Thermal imaging is a tool used in home inspections to capture differences in thermal energy that are not visible to the naked eye. These variations in temperature are read and interpreted by a home inspector to give more insight into matters going on behind the ceiling, floor, and walls.
Not all home inspectors use thermal imaging during home inspections, however, it is always a good idea to work with an inspector who does. An infrared camera often catches problems that may otherwise go undetected.
What Is a Thermal Imaging Camera?
Infrared thermal imaging cameras resemble large digital cameras or camcorders. A typical thermal camera is used to produce a grayscale image. The grayscale image is then converted into a color picture that offers more insight into the thermal behavior of different components in the home. The image produced is known as a thermogram.
Note that the cameras do not measure or see temperatures, they only detect infrared radiation. All objects exist and put out energy at a particular infrared level. Since infrared cameras read heat, you do not need to have light to get results from the camera.
Detailed Inspection Reports
If your home inspector is equipped with a thermal camera, the inspection report will include infrared images of items and areas around the home. The pictures embedded in the report will also have short explanations of what they mean.
The thermal energy radiated by a particular component will appear in the image within a spectrum ranging from light to dark. A component that appears yellow has higher thermal energy than one that appears blue. Therefore, if a ceiling is showing a dark area on a thermal image of the ceiling, you may have excess water or moisture in your ceiling that should be investigated further.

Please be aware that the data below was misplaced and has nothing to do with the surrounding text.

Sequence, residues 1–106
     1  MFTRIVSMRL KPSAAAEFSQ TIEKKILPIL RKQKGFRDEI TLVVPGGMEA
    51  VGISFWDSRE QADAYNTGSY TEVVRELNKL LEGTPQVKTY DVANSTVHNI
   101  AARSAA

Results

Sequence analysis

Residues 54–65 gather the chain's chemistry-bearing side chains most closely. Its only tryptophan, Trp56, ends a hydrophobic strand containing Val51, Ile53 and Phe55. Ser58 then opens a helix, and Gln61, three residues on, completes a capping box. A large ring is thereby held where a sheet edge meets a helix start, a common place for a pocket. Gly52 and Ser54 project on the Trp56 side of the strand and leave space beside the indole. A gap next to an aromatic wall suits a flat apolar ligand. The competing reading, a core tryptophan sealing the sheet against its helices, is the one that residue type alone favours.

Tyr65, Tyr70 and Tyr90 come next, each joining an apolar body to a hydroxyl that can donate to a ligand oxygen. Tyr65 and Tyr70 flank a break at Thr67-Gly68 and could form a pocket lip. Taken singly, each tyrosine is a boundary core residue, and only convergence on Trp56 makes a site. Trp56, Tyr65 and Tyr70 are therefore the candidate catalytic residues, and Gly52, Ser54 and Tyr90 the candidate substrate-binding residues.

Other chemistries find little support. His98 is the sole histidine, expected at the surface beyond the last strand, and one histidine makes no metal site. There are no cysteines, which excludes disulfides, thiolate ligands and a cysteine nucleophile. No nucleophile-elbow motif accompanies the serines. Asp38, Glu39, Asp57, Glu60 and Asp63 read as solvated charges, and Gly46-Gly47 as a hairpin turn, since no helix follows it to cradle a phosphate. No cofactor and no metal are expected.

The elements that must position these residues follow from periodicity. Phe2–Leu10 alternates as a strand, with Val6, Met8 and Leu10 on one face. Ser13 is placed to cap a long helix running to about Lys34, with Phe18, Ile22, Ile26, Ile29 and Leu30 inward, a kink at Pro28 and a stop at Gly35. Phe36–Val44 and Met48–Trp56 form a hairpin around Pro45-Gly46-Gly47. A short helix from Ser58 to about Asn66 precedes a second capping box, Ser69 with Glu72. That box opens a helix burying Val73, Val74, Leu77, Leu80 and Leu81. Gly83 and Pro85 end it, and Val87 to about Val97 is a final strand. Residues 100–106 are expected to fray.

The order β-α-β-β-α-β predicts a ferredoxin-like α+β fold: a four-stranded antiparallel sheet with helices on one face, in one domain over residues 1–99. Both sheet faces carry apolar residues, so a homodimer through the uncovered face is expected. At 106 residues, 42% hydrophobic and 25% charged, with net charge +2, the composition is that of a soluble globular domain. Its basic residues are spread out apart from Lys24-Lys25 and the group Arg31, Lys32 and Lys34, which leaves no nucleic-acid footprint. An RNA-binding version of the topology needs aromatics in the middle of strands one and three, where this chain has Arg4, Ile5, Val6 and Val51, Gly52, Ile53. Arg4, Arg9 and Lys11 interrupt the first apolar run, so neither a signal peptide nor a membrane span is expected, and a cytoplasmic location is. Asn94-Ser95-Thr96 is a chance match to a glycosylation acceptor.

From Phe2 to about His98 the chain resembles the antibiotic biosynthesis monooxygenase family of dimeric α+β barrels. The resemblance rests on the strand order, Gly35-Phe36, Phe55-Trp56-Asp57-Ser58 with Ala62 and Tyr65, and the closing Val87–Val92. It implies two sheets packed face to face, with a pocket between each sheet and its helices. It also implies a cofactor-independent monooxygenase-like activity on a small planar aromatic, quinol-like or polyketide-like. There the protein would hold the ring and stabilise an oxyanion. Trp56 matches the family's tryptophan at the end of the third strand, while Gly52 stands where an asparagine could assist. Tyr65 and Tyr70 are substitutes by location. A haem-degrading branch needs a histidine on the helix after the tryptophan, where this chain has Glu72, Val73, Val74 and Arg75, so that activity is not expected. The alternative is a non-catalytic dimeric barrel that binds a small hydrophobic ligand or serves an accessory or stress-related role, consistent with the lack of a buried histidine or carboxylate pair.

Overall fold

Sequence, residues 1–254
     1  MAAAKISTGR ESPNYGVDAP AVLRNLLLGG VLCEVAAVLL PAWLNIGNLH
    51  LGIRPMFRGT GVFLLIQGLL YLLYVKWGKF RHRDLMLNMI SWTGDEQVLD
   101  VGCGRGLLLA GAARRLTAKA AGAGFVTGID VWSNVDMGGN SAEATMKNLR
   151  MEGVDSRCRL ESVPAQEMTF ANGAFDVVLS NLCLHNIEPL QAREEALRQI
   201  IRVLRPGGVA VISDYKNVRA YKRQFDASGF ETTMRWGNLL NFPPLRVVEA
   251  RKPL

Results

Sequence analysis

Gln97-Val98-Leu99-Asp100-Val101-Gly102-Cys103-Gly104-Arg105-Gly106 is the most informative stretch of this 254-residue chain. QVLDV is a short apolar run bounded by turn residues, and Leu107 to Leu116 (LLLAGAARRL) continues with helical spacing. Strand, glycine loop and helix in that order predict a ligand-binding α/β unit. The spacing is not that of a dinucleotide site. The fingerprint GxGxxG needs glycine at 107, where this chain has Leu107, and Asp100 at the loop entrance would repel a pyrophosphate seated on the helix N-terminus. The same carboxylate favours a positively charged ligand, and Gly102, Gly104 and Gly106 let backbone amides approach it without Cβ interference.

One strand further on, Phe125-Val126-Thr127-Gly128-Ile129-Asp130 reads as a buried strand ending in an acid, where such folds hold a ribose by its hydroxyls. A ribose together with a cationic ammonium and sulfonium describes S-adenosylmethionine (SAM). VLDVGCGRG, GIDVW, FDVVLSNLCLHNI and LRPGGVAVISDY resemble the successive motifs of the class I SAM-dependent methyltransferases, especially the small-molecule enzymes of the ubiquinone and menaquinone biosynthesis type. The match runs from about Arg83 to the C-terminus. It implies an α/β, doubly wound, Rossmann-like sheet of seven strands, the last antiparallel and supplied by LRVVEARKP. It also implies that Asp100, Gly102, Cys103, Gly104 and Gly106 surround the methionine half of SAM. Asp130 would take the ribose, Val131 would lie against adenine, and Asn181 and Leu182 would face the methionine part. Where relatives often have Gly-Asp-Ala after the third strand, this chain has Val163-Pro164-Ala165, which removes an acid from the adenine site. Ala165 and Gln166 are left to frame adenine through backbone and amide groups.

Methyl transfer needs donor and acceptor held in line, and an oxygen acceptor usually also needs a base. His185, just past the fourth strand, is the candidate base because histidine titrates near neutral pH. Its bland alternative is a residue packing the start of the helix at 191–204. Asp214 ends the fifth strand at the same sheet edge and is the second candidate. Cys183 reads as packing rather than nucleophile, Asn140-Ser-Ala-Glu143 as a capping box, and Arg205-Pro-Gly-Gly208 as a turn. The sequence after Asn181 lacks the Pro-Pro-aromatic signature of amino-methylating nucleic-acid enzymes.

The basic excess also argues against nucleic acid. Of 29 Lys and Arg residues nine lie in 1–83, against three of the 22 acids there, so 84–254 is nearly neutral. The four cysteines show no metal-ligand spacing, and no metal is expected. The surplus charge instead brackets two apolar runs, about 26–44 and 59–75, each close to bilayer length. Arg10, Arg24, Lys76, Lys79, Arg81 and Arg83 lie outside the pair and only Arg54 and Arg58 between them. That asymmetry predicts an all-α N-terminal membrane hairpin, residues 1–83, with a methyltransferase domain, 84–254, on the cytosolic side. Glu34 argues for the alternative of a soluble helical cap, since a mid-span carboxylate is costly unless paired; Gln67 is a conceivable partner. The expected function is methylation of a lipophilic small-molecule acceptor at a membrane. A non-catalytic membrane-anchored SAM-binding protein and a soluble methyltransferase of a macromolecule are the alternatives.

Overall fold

What Can Thermal Imaging During Home Inspections Detect?
Thermal images can provide more insight on different issues like moisture intrusion, electrical hotspots, missing insulation, gaps that must be sealed, and areas of potential heat loss.
Electrical hotspots cannot be seen by the naked eye, but they may appear on a thermal image. The excess heat radiated from the electrical hotspot may appear yellow, orange, or white when seen through an infrared camera. It is important to know if there is an electrical hotspot in your home because it can be a dangerous fire risk.
Excess moisture or water can cause serious structural damage to your home if it is not caught and repaired early. Fortunately, infrared imaging can assist in locating the source of moisture intrusion or water leaks. This is because areas with moisture intrusion will appear as an unusual cooler section on the thermal image.
Issues with Insulation
If your house has numerous air gaps that are negatively impacting your home’s energy efficiency, consider hiring a home inspector who uses thermal cameras during home inspections to pinpoint the gaps. The best way of improving your house’s energy efficiency is sealing the air gaps around doors and windows and replacing any missing insulation. A well-insulated home maintains a comfortable temperature more easily, puts less of a strain on your HVAC system, and reduces your utility bills all year round
Choosing a Home Inspector
Not all home inspectors use thermal imaging cameras, but it is in your best interest to hire a home inspector that includes thermal pictures in their inspection reports. Fall is the perfect time to get an energy audit from an inspector who uses thermal imaging so you can best prepare your home for the winter months.
HomeVantage Home Inspections serves Northern New Jersey with home inspection services and energy audits. Inspector Joe Mysliwiec uses thermal imaging during home inspections. Contact us to book an appointment.